Why and How to Disable Java on Your Computer
People, it's time to disable Java on all your computer Web browsers, at least temporarily.
The Java exploit discovered yesterday (Jan. 10) has already spread to at least four different browser exploit kits, bundles of malware placed into Web pages to infect unsuspecting users.
That includes the widely distributed, and wildly successful, Blackhole exploit kit.
Oracle, which inherited Java when it bought Sun Microsystems several years ago, told the San Jose Mercury News today (Jan. 11) that it was planning to release a large batch of security fixes Tuesday. It did not specify whether the newly discovered vulnerability would be patched.
According to a Polish security team that follows Java closely, this exploit is a result of Oracle botching a previous Java hole.
The only fully effective defense right now is to disable browser plug-ins for Java, the "virtual machine" that lets Web-based apps and other software run on any desktop operating system.
We ain't kidding
Mac users, don't think you're immune. Java works just as well on your machines (although Apple no longer automatically installs it for you). The same goes for Linux users.
"The thing about that [exploit] is that it's not dependent on OS or platform," HD Moore, who develops the Metasploit security-testing tool for Boston-based Rapid7, told Kaspersky Lab's Threatpost blog. "It will run the same exact code on Mac OS X, Windows or Linux."
But don't take just our word for it — take the government's as well.
The United States Computer Emergency Readiness Team (US-CERT) yesterday issued an official alert recommending that all computer users disable all versions of Java 7, which has been out for about a year and a half. (The exploit may affect Java 6 as well.)
"A vulnerability in the Java Security Manager allows a Java applet to grant itself permission to execute arbitrary code," the alert said.
"An attacker could use social engineering techniques to entice a user to visit a link to a website hosting a malicious Java applet. An attacker could also compromise a legitimate web site and upload a malicious Java applet (a 'drive-by download' attack)."
Translation: If you visit a compromised Web page hosting this exploit — or even a clean page displaying a compromised banner ad — you're hosed, toast, or, as the hackers say, pwned.
This isn't the only Java zero-day exploit (one so new that there's no patch) found in Java recently.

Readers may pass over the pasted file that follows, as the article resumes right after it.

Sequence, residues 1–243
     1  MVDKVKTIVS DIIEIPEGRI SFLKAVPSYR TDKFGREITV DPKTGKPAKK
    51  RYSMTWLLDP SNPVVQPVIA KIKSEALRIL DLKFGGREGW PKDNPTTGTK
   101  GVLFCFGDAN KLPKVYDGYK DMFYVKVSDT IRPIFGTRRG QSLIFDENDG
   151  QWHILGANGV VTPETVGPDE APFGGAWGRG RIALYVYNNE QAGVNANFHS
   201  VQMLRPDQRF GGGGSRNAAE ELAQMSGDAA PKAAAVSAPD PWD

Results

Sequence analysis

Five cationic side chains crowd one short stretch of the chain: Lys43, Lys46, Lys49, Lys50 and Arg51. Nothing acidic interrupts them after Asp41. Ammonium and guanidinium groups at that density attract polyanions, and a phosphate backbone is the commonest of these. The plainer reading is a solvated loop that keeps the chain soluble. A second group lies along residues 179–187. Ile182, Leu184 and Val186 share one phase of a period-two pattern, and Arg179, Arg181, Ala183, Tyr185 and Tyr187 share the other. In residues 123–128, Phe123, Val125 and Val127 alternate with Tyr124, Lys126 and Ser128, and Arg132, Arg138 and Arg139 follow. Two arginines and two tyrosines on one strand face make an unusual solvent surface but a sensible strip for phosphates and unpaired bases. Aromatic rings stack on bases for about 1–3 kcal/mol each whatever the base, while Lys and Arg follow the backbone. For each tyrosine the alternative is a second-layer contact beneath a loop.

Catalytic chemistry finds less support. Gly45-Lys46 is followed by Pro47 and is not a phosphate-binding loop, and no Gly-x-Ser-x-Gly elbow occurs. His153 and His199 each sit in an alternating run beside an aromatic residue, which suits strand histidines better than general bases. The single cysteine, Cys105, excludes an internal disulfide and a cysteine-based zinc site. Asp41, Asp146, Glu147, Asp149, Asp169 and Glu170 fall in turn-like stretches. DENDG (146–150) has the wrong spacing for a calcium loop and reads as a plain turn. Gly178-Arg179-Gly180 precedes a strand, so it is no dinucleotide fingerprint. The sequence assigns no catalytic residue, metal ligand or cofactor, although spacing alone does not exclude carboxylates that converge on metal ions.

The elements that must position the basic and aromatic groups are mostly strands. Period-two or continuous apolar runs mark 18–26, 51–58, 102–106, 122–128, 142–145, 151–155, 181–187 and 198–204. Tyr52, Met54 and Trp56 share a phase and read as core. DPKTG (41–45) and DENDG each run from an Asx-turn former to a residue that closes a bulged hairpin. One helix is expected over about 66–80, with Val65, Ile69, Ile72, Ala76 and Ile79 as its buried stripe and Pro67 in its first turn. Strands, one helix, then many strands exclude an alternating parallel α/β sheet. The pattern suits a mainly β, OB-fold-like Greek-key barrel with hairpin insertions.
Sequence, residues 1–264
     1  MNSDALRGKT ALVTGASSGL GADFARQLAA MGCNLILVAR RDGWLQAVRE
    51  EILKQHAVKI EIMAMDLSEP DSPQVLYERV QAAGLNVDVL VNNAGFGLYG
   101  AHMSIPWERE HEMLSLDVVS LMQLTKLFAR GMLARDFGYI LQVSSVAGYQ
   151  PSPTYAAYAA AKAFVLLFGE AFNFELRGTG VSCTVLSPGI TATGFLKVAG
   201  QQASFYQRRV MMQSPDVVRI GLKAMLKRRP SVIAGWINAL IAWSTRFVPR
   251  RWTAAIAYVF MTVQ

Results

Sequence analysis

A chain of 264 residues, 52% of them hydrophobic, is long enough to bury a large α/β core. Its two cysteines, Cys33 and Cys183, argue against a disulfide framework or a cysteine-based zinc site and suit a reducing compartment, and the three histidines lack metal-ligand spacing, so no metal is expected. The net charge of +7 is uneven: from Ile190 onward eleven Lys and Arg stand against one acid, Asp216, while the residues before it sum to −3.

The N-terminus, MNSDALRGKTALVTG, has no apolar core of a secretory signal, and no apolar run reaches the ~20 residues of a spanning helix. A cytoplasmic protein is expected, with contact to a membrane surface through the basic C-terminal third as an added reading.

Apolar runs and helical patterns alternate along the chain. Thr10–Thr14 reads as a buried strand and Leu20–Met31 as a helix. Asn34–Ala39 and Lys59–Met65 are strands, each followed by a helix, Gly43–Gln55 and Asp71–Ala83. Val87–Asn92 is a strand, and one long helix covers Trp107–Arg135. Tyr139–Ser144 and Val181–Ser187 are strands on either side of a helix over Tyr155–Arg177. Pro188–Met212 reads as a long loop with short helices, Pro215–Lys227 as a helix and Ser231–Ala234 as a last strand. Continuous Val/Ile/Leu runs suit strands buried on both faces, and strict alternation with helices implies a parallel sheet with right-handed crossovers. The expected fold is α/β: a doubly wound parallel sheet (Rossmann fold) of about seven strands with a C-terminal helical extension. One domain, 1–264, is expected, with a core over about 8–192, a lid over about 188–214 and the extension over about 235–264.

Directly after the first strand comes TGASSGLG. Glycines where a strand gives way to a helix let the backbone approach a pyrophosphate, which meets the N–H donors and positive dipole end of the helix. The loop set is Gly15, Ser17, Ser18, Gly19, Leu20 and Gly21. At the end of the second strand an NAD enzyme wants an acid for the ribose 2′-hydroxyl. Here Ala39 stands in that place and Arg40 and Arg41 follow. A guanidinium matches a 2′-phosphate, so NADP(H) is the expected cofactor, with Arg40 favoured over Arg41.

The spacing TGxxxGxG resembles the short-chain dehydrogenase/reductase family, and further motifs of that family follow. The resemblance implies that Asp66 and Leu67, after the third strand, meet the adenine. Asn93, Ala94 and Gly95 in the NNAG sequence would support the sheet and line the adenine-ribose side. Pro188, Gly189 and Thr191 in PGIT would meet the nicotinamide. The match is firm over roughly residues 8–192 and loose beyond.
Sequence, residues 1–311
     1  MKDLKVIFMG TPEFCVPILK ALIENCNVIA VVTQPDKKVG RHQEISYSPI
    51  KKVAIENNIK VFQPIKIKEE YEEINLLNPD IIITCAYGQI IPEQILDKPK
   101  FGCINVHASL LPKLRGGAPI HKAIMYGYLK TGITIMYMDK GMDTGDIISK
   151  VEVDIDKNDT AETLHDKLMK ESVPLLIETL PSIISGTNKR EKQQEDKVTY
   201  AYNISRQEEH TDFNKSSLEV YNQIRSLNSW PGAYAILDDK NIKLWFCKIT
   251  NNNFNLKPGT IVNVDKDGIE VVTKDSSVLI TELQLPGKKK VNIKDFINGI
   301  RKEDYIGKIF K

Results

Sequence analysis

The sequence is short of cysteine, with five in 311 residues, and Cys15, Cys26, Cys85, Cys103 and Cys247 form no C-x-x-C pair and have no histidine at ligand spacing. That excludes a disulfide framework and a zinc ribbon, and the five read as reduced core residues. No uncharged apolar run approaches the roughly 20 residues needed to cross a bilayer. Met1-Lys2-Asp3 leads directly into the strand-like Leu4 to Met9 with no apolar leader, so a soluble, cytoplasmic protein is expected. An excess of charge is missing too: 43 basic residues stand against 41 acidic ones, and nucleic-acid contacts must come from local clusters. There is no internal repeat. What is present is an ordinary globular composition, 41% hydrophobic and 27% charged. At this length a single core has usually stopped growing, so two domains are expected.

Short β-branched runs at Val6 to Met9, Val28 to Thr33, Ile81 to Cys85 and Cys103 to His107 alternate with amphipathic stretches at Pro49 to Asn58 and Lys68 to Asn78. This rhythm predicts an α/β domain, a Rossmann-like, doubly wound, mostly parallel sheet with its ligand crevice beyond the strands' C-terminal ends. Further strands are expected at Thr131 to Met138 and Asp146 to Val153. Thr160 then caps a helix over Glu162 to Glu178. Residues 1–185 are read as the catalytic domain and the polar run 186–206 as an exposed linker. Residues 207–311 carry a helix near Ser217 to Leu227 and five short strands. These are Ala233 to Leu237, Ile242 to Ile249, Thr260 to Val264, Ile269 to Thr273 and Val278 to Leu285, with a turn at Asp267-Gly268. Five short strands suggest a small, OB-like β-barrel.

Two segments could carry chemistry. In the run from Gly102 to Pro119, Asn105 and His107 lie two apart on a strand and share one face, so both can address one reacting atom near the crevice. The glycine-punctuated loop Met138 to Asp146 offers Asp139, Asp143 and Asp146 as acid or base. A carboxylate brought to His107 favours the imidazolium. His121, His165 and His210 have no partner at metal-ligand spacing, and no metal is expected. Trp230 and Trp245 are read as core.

Last year, there were three Java zero-days, the first of which ended up infecting 700,000 Apple desktops and laptops in the first-ever mass outbreak of Mac OS X malware.
For such reasons, security experts have been getting more vocal lately about the need to disable Java. This week, that dull murmur turned into a roar.
"Java is a mess. It's not secure," Jaime Blasco of AlienVault Labs, which confirmed the new exploit, told Reuters yesterday. "You have to disable it."
"It would be a very good idea to unplug Java from your browser, or uninstall this program entirely if you don't need it," said independent security blogger Brian Krebs.
"If you have any business-critical applications that require Java: try to find a replacement," said Johannes Ullrich of the SANS Internet Storm Center. "I don't think this will be the last flaw, and the focus on Java from people behind exploit kits like Blackhole is likely going to lead to additional exploits down the road."
How to go decaf
Unless you use Java professionally — such as by developing Web or Android apps, updating a Website or using Adobe's Creative Suite software package — you don't really need it.
But since this latest attack comes through Web browsers, you can actually just stop the browsers from using Java rather than removing entirely from your system.
It's easier than ever before to disable Java in browsers. The latest version of the Java Control Panel for Windows has a checkbox under the Security tab labeled "Enable Java content in the browser". Uncheck that and all your browsers should be Java-free.
If you have an earlier version of Java 7 for Windows, you'll have to disable each browser individually.
On a Windows PC, keep the Java Control Panel for Windows open and go to Advanced. Under "Default Java for Browsers", uncheck "Microsoft Internet Explorer" and "Mozilla family." (You may need to click the space bar to uncheck the IE box.)
While you're there, you might as well also uncheck "Enable the next-generation Java Plug-in".
Mozilla Firefox can also be sanitized on all operating systems by selecting the "Add-ons" item in the main menu and disabling all Java plug-ins.
Google Chrome users can reach a similar menu by typing "chrome://plugins" into the address bar, and PC Magazine's Neil Rubenking says "about:config" will work for Opera. For Apple's Safari browser, it's Preferences --> Security --> uncheck "Enable Java."
(Apple today pushed out an OS X update blocking all versions of Java 7, and Mozilla yesterday issued an update forcing Firefox users to opt into running individual Java applets.)
To make sure Java is truly disabled, visit http://java.com/en/download/testjava.jsp and see what happens.
For versions of Java older than Java 7 (which you shouldn't be running anyway), the de-Javafication process for Internet Explorer involves editing the Windows Registry. If you don't know what that is, don't do it. Instead, stop using Internet Explorer entirely.
If you do need Java on a browser for whatever reason, take the advice security blogger Brian Krebs gave during another Java zero-day scare only five months ago: Keep Java enabled on one browser only, and use that browser ONLY for accessing those sites you need to use.